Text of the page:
Duty of Candour

What is the "Duty of Candour"?

Candour: "The quality of being honest and telling the truth, especially about a difficult or embarassing subject."
(Definition from the Cambridge Advanced Learners Dictionary and Thesaurus, copyright Cambrige University Press.)

One of the most difficult jobs a healthcare professional will ever have to do is be open and honest with a family about an incident in which they were involved, that resulted in the avoidable death or harm of a child.

healthcare professionals were for many years expected to tell patients about mistakes under their professional registration.This did not happen.

Robbie Powell’s case explicitly exposed the issue for families, when The European Court of Human Rights stated:

"….. As the law stands now, however, doctors have no duty to give parents of a child who died as a result of their negligence a truthful account of the circumstances of the death, nor even to refrain from deliberately falsifying records."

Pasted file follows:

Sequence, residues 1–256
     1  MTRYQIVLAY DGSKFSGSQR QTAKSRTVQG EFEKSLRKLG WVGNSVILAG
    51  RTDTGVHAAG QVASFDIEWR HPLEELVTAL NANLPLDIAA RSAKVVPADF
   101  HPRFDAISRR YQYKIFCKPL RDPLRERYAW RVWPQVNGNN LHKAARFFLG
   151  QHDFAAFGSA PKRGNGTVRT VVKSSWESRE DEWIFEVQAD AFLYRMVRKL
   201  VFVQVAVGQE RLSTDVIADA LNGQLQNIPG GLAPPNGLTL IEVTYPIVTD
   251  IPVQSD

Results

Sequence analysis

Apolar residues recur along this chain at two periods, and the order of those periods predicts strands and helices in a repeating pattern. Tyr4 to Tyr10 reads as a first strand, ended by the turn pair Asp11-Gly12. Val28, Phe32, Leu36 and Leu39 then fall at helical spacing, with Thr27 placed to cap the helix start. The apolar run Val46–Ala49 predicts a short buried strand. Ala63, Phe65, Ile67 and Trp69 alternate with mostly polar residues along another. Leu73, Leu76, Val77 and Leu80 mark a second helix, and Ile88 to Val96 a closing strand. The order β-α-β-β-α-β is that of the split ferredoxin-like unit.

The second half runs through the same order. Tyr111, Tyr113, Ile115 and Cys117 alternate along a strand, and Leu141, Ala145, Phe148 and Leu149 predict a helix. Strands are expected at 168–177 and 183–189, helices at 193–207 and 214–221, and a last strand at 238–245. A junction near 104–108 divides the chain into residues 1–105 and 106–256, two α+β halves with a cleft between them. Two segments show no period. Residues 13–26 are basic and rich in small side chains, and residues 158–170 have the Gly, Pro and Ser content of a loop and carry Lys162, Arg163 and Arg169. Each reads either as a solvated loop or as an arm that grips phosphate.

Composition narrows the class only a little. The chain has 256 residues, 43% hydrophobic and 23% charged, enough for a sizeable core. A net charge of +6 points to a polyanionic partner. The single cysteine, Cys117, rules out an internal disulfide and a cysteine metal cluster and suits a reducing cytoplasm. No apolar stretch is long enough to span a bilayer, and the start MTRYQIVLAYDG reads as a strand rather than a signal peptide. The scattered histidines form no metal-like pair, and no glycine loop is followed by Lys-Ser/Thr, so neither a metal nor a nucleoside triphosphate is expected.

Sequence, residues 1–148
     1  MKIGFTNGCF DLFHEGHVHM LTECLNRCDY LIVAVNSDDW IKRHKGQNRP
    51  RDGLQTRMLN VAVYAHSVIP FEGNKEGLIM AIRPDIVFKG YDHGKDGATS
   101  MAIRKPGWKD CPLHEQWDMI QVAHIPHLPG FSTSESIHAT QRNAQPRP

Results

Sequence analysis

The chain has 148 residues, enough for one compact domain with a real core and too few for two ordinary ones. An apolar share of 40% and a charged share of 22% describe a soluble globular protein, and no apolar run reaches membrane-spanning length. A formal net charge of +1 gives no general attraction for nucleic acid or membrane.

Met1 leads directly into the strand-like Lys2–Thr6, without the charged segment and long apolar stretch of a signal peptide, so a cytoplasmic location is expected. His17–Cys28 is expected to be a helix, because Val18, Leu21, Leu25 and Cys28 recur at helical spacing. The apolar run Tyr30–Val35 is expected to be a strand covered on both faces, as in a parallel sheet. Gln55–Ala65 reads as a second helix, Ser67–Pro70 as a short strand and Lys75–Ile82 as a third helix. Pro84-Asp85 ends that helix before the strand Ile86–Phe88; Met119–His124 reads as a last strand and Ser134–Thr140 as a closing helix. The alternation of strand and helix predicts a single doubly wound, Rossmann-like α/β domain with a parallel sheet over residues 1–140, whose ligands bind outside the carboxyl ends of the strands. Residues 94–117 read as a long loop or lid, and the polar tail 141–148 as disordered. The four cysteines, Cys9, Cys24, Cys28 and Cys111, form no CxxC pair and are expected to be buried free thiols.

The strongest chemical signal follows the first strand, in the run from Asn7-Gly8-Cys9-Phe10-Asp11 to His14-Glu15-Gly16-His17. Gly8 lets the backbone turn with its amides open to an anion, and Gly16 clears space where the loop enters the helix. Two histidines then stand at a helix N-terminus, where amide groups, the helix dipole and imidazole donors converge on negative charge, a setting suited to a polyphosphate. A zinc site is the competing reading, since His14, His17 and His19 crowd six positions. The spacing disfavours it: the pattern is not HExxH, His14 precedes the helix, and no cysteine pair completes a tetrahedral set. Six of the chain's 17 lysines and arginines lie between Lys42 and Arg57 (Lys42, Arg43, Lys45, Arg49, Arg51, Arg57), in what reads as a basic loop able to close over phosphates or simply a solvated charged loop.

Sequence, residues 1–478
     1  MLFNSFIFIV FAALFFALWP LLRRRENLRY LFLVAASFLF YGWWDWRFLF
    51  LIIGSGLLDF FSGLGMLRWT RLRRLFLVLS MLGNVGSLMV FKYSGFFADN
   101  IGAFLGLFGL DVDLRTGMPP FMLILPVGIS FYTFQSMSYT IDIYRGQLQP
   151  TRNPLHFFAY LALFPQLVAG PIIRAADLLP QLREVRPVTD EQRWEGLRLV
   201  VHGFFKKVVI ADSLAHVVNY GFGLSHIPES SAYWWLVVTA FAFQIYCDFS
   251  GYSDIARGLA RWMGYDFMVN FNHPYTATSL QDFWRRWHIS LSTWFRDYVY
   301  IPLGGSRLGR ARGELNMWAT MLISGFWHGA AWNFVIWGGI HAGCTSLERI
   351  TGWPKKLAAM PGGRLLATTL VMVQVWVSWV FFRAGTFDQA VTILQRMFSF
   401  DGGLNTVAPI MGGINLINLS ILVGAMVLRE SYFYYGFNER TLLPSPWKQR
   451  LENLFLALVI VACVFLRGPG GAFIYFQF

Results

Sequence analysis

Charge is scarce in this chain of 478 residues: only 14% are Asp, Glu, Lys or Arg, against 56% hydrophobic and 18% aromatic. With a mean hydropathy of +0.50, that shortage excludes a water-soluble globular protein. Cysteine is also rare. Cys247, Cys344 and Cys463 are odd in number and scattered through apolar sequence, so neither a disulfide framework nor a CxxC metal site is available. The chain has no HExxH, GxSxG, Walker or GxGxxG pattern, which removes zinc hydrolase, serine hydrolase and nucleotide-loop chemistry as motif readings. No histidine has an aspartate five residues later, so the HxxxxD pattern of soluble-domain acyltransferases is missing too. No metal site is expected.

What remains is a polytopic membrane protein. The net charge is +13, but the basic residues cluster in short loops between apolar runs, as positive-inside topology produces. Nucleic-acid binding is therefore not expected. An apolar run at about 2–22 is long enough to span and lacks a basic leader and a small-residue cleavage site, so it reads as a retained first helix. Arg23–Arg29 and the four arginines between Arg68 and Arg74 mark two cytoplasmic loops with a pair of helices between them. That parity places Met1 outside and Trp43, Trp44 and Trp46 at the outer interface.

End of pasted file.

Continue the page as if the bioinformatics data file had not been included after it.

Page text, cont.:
Sir Liam Donaldson, former Chief Medical Officer formally recommended a Legal Duty of Candour for NHS professionals in his report ‘Making Amends’ in 2003. This recommendation was rejected by Government.

Patient Justice charities and campaign groups, such as AvMA and Robbies Law Trust campaigned for years for a legal duty of candour to be enforced on healthcare providers in the UK.

November 2014 marked an historic advance in patients’ rights and patient safety in England with the introduction of a statutory duty of candour (a legal duty to be open and honest with patients about incidents that have caused or have the potential to result in significant harm).